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Review: Retribution Body, "Baphomet"

By Steve Dewhurst

For Baphomet‘s creation, Matthew Azevedo decamped to Methuen Memorial Music Hall, replete with its 160 year old Great Organ and famed four-second reverberation.

Pete Swanson
A Folk Music of Sorts: An Interview with Zefan Sramek of Precipitation

By Jason Cabaniss

"For much of my work, both musical and otherwise, the notion of place is very important. That’s one of the reasons I like using field recordings."

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Inbox #10: Real Life Ambient Top 10

By Emmerich Anklam

Greil Marcus, whose books like Mystery Train and Lipstick Traces and The History of Rock ‘n’ Roll in Ten Songs deepen the mysteries of rock music instead of explaining them away, has kept up his Real Life Rock Top 10 column with few interruptions for more than thirty-five years. This edition of The Inbox is structured after his column and dedicated to him.

Slide 2
Guest Playlist #08: H. Anthony Hildebrand

By Steve Dewhurst

“The first album I was given was Rolf Harris’ Greatest Hits... that’s how not cool the music happening at our house was."

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My Heart, An Inverted Flame, “Plague Notes, Unnamed, Unknown, A Finger Dragged Through Dust”

It is entirely possible – intentional, even – that without prior knowledge of those involved, you will emerge bedraggled from Plague Notes, Unnamed, Unknown, A Finger Dragged Through Dust, the first album by San Francisco duo My Heart, an Inverted Flame, under the impression you have just survived the heaviest guitar album to hit your deck for a good few years. Consider, then, that no guitars – not a single one – were harmed during the creation of this pounding, brutal monolith of a record.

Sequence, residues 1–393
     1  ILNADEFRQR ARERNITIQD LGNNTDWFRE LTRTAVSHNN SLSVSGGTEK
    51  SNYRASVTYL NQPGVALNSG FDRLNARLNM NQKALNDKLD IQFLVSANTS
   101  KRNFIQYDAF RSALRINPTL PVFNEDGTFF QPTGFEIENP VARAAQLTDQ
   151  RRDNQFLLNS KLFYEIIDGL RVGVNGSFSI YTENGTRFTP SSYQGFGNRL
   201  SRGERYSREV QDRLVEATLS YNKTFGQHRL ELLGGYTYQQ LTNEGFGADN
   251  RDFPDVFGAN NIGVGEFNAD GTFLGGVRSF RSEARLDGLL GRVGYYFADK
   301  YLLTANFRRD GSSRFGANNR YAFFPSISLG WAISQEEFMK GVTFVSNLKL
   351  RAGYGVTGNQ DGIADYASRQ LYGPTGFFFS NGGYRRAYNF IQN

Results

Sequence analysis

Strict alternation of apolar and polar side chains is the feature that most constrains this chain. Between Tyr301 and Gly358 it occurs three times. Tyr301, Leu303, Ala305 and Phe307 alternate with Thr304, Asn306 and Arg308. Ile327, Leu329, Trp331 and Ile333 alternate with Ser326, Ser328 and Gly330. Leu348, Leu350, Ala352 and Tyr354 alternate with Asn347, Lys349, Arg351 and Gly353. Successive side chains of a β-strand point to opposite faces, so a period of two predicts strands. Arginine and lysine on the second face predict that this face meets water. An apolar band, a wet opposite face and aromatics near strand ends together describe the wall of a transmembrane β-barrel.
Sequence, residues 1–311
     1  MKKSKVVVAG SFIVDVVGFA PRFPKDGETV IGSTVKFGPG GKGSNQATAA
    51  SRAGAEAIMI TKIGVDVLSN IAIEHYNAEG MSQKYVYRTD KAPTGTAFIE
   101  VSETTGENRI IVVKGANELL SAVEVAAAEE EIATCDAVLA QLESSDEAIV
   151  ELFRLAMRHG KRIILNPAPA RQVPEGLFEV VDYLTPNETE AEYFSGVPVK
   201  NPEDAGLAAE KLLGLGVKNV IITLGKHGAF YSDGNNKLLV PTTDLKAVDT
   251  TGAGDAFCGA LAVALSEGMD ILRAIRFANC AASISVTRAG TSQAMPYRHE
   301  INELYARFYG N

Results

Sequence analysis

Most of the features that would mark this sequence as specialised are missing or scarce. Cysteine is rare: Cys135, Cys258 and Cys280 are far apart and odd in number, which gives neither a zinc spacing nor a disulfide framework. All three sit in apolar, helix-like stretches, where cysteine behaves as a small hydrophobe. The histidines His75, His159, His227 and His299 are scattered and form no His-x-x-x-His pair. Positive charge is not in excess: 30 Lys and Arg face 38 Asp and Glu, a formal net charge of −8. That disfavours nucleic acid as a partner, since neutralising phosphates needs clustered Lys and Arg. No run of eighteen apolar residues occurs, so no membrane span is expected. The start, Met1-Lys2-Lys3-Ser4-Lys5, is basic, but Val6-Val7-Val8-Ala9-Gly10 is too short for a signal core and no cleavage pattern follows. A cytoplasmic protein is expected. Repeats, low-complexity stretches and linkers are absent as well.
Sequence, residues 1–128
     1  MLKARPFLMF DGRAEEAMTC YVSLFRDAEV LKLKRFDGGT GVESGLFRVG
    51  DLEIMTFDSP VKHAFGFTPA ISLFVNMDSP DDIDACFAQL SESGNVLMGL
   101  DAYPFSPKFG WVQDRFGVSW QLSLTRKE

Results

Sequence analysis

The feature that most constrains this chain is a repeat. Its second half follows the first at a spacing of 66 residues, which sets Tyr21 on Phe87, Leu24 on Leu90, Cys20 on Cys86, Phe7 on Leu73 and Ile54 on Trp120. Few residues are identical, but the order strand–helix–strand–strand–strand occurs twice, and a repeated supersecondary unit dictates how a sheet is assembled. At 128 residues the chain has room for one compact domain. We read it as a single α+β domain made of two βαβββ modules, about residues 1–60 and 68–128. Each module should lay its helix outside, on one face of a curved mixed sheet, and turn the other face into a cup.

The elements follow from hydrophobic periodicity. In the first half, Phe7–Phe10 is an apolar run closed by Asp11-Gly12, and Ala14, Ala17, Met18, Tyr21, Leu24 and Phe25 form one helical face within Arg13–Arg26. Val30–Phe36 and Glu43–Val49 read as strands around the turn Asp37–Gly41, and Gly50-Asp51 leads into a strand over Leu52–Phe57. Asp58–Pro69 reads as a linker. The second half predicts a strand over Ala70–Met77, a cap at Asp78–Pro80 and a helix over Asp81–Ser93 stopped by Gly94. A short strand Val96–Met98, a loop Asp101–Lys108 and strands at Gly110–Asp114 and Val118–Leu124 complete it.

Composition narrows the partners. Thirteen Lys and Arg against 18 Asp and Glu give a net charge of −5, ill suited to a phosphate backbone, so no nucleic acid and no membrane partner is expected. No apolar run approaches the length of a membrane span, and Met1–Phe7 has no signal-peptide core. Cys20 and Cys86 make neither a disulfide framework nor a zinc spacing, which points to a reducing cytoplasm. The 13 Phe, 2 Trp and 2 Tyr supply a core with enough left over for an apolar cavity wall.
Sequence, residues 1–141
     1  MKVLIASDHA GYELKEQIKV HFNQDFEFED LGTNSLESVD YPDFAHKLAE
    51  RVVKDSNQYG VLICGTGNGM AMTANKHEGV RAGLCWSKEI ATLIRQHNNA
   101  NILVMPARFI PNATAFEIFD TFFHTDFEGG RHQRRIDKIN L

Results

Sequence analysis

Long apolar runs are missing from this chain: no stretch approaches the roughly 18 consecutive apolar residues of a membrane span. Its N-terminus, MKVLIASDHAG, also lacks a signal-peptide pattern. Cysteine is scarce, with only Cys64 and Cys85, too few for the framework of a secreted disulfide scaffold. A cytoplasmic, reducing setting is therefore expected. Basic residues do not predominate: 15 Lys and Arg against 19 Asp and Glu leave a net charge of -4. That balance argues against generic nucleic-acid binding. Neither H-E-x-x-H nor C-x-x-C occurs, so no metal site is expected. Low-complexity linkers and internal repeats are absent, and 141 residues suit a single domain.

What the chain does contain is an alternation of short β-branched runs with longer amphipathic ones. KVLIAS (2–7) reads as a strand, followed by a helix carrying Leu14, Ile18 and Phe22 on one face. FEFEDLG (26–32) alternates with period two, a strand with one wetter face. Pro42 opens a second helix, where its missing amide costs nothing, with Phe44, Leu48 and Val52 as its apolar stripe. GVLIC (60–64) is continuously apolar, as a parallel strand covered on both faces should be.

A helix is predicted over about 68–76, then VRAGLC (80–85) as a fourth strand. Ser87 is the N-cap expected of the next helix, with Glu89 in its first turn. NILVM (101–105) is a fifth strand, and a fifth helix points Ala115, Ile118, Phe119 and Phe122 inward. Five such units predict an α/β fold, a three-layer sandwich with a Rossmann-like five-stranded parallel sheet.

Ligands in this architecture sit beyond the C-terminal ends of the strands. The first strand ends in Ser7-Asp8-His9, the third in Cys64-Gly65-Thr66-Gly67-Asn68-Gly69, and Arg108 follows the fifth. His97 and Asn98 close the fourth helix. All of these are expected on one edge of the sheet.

Composed of Andee Connors (A Minor Forest) and Marc Kate (Never Knows), My Heart, an Inverted Flame bills itself as “synth-doom,” which is about as accurate a descriptor as one should wish to get in hindsight, but in no way prepares you for the sheer weight of what greets you upon entry. Coming on something like that other unfeasibly crushing two-piece The Body, whose space-clearing approach to percussion is comparable, and with Sunn O))) the only other band I can bring to mind that might match the all-engulfing scope of their Pendereckian force, the effect of Plague Notes on the state of the listener might more accurately be measured in hPa. 

“For all its mighty grandeur, Plague Notes is an album of remarkable control.”

Andee Connors forms a part of the esoteric collective Common Eider, King Eider, and it tells. Parallels can be drawn between this album and the recorded ceremonies of Égrégore, for example. “The Innovation Toolkit,” a swirling metallic clash of gnashing violence, could quite easily represent the aftermath of some Enochian conjuring, as could the super-heated crunch of “Devastation Without Exception,” with the feeling being that whatever has been drawn onto our plane is in no good mood to leave. But that’s the thing; for all its mighty grandeur, Plague Notes is an album of remarkable control – it’s a room record of ritual expertise, not a single element at risk of escape so long as those at the dials maintain their steely focus. And you’d better hope they do. 

Take “You Will Never Hear From Me Again.” The album’s opening track, with a video that pays homage to David Lynch’s famed nuclear blast sequence, behaves like the longest, most nerve-shredding intro to the gnarliest metal album in existence without ever breaking into song.  Across fifteen booming minutes, the pressure repeatedly grows to almost unbearable intensity, building and layering and expanding to the point you feel the artists must be exerting as much physical energy over the music’s containment as they are intellectual. The temptation to let rip must’ve been enormous but the release never arrives, at least until the squall falls silent. 

The album eases off somewhat towards the back end, with electronic components clarifying and the vast washes of drone and fuzz flaking away. This is not to say the music becomes any less threatening; rather, the technique of psychological infiltration switches. “Shallow Breath, Slight and Tenuous” could be slow, airy and almost hypnagogic taken alone, but as a product of its precursor – the shattering “Devastation Without Exception” – it forms an eviscerated aftermath in which only sparks can pop and sizzle, coagulating in the emptied space to form “The Nameless Choir.” At an almost identical length to the opener, this closes proceedings in a manner that suggests it may, in fact, all be about to begin again.  The relative quiet that befalls Plague Notes‘ final manoeuvres does not seem to signify victory over carnage so much as it heralds the coming of a further, more insidious danger.